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5 Indoor Surfaces We Don't Clean Often Enough

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Salmonella is a harmful and dangerous bacteria that causes food poisoning.

 

While most of us are aware that germs, molds, and bacteria can be found in common household locations –like the bathroom, some of the most germ-friendly spaces are all-too-often overlooked.  

If these areas aren’t cleaned properly, they can quickly become hotbeds for bacteria, creating a prime environment for germs, and a number of other dangerous organisms to grow and thrive.

 

Here are five indoor surfaces that most of us don’t clean often enough. Take a look to see which spaces you may want to start cleaning more!

 

  1. Work Desk

Research shows that work desks contain more bacteria per square inch than toilet seats. If this comes as a surprise to you, you’re not alone. Most are unaware that typical office work desk, including computer, keyboard, and mouse, can harbor up to 25,000 bacteria per square inch. This is because many of us eat at the desk, and it can easily become a magnet for mold and bacteria. The workplace toilet seat, on the other hand, only has about 49 bacteria per square inch.

 

To keep germs from spreading, and help prevent sickness, be sure to disinfect your desk, keyboard, and mouse daily. This will help to keep the viruses and microbes at bay.

 

  1. Cutting Boards

While it’s probably no surprise to hear that cutting boards are among the dirtiest surfaces in the home, you may not know that even after you wash them, they can still harbor germs. Statistics show that eighteen percent of cutting boards tested by the NSF tested positive for bacteria from the same family of E. coli and Salmonella.

 

To prevent your cutting boards from becoming a problem, wash them in between uses with hot soapy water. Try to avoid using cutting boards made from soft woods, since knife marks can be perfect places for mold or bacteria to grow. Having a separate, nonporous cutting board for raw meat is also a good idea, and can help to prevent the spread of bacteria to other food.  

 

  1. Kitchen Sink

When you think about it, your kitchen sink has certainly seen its share of disgusting things. The kitchen sink is used when we prepare food, clean dishes, rinse off dirty items, wash our hands, and so much more. It’s no wonder that it’s one of the dirtiest surfaces in the home. Forty-five percent of all sinks tested by the NSF had potentially harmful coliform bacteria. Not something we want near our food!  

 

It is recommended that kitchen sinks are thoroughly washed at least twice a week to cut back on germs and bacteria. Use surface cleaners that are designed to clean and disinfect.  

 

  1. Handles and Knobs

Stove knobs, door handles, and faucet handles are some of the worst surfaces for harboring germs and bacteria. This also makes them the perfect environment for mold. Stove handles and knobs are often overlooked and under-cleaned. Bathroom and kitchen faucet handles are another prime place for bacteria and germs; when we wash our dirty hands –the first thing we touch is the faucet handle, and as a result these handles often contain bacteria, yeast, and mold.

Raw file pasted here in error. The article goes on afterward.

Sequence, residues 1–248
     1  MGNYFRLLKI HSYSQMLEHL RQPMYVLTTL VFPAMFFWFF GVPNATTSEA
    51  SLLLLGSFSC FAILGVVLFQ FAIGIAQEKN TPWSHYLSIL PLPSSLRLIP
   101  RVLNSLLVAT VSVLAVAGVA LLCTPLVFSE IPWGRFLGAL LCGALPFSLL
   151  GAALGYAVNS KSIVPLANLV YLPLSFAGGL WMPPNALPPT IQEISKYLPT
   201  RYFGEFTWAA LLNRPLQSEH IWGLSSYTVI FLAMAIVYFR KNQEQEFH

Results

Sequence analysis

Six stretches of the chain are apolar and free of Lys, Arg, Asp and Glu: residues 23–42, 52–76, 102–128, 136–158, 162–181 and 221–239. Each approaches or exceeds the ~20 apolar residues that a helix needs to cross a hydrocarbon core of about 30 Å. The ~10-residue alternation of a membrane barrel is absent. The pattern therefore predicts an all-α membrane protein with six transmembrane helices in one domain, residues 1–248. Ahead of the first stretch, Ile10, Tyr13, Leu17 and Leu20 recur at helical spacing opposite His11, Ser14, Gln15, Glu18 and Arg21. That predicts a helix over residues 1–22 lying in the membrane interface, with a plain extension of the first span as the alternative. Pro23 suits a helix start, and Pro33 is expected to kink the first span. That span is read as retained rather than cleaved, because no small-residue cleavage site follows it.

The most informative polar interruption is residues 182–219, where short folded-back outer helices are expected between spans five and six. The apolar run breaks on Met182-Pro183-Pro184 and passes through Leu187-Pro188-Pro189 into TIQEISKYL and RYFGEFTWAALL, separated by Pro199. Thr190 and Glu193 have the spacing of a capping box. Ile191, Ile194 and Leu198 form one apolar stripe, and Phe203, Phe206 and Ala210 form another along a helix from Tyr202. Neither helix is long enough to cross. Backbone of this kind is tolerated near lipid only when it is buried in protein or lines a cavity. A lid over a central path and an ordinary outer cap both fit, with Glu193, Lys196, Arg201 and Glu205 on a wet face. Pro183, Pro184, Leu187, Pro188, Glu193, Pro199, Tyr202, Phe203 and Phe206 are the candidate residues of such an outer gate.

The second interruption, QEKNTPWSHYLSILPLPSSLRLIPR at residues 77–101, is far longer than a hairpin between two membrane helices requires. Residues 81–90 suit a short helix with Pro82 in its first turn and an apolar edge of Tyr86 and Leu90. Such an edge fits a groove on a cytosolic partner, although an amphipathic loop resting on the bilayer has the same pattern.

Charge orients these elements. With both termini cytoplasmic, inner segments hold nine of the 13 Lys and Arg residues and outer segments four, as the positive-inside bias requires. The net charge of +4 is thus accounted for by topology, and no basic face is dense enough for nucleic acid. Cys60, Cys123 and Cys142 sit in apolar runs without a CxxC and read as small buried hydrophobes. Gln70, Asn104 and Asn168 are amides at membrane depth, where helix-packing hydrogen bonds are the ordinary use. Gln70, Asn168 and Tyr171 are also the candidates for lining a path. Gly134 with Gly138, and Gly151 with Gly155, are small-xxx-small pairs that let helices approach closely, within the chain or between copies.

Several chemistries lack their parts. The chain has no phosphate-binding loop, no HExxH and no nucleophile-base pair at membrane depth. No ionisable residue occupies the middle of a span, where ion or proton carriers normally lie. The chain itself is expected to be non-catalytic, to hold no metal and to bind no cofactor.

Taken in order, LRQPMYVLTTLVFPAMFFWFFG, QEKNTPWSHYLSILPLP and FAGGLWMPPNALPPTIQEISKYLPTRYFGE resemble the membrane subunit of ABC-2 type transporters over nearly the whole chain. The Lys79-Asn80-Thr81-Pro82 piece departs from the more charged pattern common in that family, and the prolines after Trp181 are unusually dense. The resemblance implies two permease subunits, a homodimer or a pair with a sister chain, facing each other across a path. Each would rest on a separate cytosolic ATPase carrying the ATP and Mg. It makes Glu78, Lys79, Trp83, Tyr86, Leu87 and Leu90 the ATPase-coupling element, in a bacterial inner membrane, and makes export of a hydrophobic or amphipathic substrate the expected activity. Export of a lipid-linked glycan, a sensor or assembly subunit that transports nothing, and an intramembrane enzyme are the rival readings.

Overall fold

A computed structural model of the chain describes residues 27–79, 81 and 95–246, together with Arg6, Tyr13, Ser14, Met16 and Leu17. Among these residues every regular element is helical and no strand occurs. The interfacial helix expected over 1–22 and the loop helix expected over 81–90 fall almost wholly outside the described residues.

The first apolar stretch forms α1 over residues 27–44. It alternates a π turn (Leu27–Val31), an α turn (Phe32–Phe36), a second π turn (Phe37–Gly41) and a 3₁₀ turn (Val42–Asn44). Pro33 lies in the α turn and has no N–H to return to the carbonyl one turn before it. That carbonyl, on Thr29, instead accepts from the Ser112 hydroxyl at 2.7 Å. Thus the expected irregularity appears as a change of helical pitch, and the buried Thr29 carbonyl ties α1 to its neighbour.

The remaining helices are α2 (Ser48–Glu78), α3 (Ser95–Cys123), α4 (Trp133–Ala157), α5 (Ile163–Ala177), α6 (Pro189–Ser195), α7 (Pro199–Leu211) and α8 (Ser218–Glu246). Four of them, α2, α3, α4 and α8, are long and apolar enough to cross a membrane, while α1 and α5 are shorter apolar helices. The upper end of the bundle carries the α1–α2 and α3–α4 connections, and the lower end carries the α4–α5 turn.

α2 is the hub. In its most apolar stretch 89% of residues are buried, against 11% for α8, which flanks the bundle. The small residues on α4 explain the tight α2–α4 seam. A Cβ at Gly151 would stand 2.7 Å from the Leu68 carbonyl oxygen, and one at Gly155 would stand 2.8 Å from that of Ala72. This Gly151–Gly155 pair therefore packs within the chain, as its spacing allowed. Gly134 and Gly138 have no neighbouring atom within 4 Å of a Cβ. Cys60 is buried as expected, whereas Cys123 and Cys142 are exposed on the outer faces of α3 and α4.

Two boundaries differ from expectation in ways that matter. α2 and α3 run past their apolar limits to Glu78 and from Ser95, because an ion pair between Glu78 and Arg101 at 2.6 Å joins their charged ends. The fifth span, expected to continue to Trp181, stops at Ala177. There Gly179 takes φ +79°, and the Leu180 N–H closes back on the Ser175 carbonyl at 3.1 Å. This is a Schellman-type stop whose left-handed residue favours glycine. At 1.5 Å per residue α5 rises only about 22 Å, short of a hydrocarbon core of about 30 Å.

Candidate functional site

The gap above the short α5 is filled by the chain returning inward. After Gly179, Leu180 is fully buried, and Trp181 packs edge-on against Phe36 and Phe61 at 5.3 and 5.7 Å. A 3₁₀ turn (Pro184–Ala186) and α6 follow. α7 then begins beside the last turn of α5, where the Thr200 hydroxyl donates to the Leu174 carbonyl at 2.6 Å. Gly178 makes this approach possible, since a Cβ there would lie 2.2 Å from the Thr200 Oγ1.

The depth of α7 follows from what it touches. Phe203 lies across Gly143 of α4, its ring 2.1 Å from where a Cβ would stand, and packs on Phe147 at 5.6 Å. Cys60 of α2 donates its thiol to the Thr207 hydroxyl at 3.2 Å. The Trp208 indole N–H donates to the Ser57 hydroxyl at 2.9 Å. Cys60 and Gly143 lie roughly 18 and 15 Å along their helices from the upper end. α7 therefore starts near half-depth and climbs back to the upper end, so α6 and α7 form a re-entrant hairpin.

Combat the issue of contaminated handles and knobs by taking measures to disinfect and clean them regularly. Clean faucets often with cleaning products that are designed for molds and bacteria.  

 

  1. Toothbrush Holders

We take special care to ensure that our toothbrushes are clean and germ-free; replacing them every so often and rinsing them off before and after we use them; but then we place them in the toothbrush holder –a place that’s full of bacteria and mold. Tests have shown that sixty-four percent of toothbrush holders harbor mold and yeast. This is because the gunk that we wash off our toothbrushes drips down into the holder where it becomes trapped. Another disturbing fact: holders are often placed in an area where contaminated water droplets from the flushing toilet can reach them!

 

Protect your toothbrushes by investing in toothbrush covers or store your toothbrushes in the medicine cabinet to keep them safe from toilet water. Regularly disinfect toothbrushes by soaking then in antibacterial mouthwash or even running them through the dishwasher on a hot, soap-free cycle.

 

While knowing that bacteria and germs are inhabiting some common surfaces in your home isn’t exactly comforting, it’s important to be aware of their prime locations, as well as the dangers that these organisms present. By being aware, you’ll know exactly where to clean, and will be able to take steps towards ensuring that your home is a safe, and healthy place to be.

 

These are just a few of the many surfaces we touch and use every day: surfaces that should be cleaned more often than they are! Which surfaces are you going to tackle first?

Image: Work Desk, Cutting Board, Kitchen Sink, Door Handle, Toothbrush Holder, Surface Cleaning

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